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Flavio Almeida on Accepting Uncertainty and Failures in Entrepreneurship

Flavio Almeida, a renowned Brazilian Jiu-Jitsu fighter and entrepreneur, explains why a fear of failure is healthy—especially when you turn it into a tool to grow.

Accepting Uncertainty and Failures in Entrepreneurship on Thrive Global | Flavio Almeida

By definition, entrepreneurship requires risk and hope, two ideas that hold uncertainty in and of themselves. When we venture out into the world of business in the hope of carving out a space for our ideas and vision, we end up facing an unknown reality—that’s a scary concept.

As a business owner and entrepreneur who often interacts with others in positions similar to my own, I think it’s safe to say that a majority of us feel like we need to control all the variables that make up a successful business. However, we soon find out that doing so is virtually impossible. Despite my best efforts, while developing my business and getting it off the ground, I ran into obstacles that had the ability to completely derail my plans.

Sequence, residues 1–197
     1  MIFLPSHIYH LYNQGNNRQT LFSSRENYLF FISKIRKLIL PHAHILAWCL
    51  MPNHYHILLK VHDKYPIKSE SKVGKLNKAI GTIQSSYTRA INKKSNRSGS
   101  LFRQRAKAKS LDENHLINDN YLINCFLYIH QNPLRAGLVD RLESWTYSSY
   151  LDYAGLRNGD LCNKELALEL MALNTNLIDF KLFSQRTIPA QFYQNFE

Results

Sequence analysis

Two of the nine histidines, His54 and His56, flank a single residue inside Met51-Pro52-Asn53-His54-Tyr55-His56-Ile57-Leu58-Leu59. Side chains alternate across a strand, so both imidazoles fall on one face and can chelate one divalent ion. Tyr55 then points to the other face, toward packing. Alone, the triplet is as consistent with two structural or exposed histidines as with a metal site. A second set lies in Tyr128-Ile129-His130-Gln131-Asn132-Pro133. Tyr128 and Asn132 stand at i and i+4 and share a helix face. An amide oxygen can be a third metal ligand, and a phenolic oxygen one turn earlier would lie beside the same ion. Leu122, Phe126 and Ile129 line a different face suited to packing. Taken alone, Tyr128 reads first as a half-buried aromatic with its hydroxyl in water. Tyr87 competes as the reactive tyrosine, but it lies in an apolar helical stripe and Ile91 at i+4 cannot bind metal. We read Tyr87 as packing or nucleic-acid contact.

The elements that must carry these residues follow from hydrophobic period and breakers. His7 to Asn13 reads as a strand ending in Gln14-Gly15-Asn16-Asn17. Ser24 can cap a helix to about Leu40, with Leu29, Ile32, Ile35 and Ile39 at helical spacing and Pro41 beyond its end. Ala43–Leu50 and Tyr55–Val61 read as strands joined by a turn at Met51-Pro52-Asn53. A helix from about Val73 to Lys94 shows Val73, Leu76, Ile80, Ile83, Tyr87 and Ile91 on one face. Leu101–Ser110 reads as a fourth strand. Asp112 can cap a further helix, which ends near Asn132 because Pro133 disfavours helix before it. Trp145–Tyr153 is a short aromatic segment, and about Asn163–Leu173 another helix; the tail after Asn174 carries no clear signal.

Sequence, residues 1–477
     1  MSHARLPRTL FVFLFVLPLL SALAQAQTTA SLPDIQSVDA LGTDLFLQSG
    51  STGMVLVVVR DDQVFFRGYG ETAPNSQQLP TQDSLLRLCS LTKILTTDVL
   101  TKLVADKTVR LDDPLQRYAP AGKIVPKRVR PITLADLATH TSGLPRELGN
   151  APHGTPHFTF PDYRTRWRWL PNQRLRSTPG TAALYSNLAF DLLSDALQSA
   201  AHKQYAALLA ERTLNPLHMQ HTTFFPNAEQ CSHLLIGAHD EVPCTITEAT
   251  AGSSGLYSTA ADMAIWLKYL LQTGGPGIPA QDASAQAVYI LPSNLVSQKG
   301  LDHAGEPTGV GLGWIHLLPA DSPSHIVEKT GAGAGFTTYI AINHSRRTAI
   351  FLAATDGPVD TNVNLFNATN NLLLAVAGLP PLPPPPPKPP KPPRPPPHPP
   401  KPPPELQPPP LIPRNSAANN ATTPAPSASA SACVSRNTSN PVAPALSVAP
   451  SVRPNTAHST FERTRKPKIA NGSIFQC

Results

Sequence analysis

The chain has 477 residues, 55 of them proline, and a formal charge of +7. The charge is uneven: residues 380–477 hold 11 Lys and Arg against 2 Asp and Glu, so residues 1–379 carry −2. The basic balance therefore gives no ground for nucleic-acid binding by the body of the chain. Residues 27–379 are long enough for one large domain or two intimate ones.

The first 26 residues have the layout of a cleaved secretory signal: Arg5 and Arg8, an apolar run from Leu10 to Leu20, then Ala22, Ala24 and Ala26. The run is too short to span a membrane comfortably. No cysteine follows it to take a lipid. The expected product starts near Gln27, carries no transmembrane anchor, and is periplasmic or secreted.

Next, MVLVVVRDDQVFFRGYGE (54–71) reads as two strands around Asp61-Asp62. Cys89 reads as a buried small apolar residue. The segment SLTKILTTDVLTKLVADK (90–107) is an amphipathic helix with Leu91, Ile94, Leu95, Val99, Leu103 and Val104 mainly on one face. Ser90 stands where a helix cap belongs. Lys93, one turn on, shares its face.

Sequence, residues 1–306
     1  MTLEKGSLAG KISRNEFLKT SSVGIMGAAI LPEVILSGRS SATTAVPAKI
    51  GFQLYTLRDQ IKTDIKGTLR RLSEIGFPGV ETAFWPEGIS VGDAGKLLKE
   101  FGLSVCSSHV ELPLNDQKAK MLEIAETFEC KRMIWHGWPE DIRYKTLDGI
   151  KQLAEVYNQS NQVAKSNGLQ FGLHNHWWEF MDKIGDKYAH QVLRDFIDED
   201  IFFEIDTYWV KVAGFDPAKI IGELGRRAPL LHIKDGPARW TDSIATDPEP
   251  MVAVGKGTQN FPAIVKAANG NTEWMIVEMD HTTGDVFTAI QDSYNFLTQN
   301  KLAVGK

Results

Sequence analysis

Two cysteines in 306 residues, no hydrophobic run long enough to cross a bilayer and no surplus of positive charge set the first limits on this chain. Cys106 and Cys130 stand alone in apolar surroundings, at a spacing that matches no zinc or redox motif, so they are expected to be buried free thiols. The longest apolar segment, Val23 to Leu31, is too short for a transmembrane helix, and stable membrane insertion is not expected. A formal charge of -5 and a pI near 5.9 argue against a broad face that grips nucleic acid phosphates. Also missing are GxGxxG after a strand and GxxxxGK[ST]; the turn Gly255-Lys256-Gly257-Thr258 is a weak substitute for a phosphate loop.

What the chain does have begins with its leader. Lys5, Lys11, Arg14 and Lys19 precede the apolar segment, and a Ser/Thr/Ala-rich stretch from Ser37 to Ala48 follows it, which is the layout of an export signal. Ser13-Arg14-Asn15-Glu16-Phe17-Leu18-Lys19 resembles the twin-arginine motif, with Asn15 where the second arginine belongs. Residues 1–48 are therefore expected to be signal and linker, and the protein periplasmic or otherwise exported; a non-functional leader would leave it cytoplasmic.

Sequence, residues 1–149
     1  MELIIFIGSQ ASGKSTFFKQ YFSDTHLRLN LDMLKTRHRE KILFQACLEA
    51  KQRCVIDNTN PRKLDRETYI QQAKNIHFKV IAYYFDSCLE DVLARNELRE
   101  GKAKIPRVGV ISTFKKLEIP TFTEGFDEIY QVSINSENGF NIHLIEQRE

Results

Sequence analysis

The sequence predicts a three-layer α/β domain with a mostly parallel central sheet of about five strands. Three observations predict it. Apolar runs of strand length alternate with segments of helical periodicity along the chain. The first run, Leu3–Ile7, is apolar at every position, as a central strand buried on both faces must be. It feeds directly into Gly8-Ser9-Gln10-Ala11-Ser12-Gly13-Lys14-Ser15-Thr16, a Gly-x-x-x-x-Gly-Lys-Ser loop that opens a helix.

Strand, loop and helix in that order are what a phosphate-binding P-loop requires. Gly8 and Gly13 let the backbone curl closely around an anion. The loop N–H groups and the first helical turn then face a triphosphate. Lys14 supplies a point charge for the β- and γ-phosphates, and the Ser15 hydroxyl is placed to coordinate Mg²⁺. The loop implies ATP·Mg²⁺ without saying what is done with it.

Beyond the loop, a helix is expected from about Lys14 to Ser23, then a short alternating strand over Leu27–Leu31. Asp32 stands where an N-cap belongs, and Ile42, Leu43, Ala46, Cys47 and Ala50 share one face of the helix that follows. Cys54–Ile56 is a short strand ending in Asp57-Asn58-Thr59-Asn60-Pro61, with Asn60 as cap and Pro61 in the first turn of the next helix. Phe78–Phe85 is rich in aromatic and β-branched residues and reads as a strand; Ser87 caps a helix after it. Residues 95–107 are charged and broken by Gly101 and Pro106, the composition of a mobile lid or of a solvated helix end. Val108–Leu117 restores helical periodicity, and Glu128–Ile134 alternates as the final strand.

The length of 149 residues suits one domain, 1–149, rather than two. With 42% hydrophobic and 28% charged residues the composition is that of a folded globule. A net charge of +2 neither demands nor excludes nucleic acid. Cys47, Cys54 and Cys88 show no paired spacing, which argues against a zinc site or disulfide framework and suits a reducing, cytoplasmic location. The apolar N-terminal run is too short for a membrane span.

But, I dared to face them, find solutions, and accept the things I could not control. By relinquishing my ability to control everything and learning to face uncertainty, I took a step towards growth and opened myself up to learning. In doing so, I put my business in a better place and grew as an entrepreneur. 

With that said, I understand that the uncertainty of facing success or failure can be enough to stop a budding entrepreneur from going after what they want. As a practitioner of Brazilian jiu-jitsu, I was lucky enough to learn at an early age that failure is a necessary aspect of growth and improvement. For example, without falling on your behind a few times, you never learn how to get back up and keep going—you never learn how not to fall. As an instructor, some of the most influential moments in the gym occur when someone fails and becomes more motivated to be better. 

The same principle can and should be tied to entrepreneurship. If you’re looking to control every variable and unwilling to admit that you don’t know everything, then you’re effectively cutting yourself off from opportunities to learn, adjust and, subsequently, grow. 

Few mistakes are irredeemable or irreversible, though that’s not to say they won’t hurt. Like a good fighter, you must learn to take the punches as they come, reflect at the situation, and ask yourself what you could have done differently to result in a more desirable outcome. Failure is nothing to fear. Fear is nothing to fear. Without it, we would never grow. 

Originally posted on FlavioAlmeida.org.

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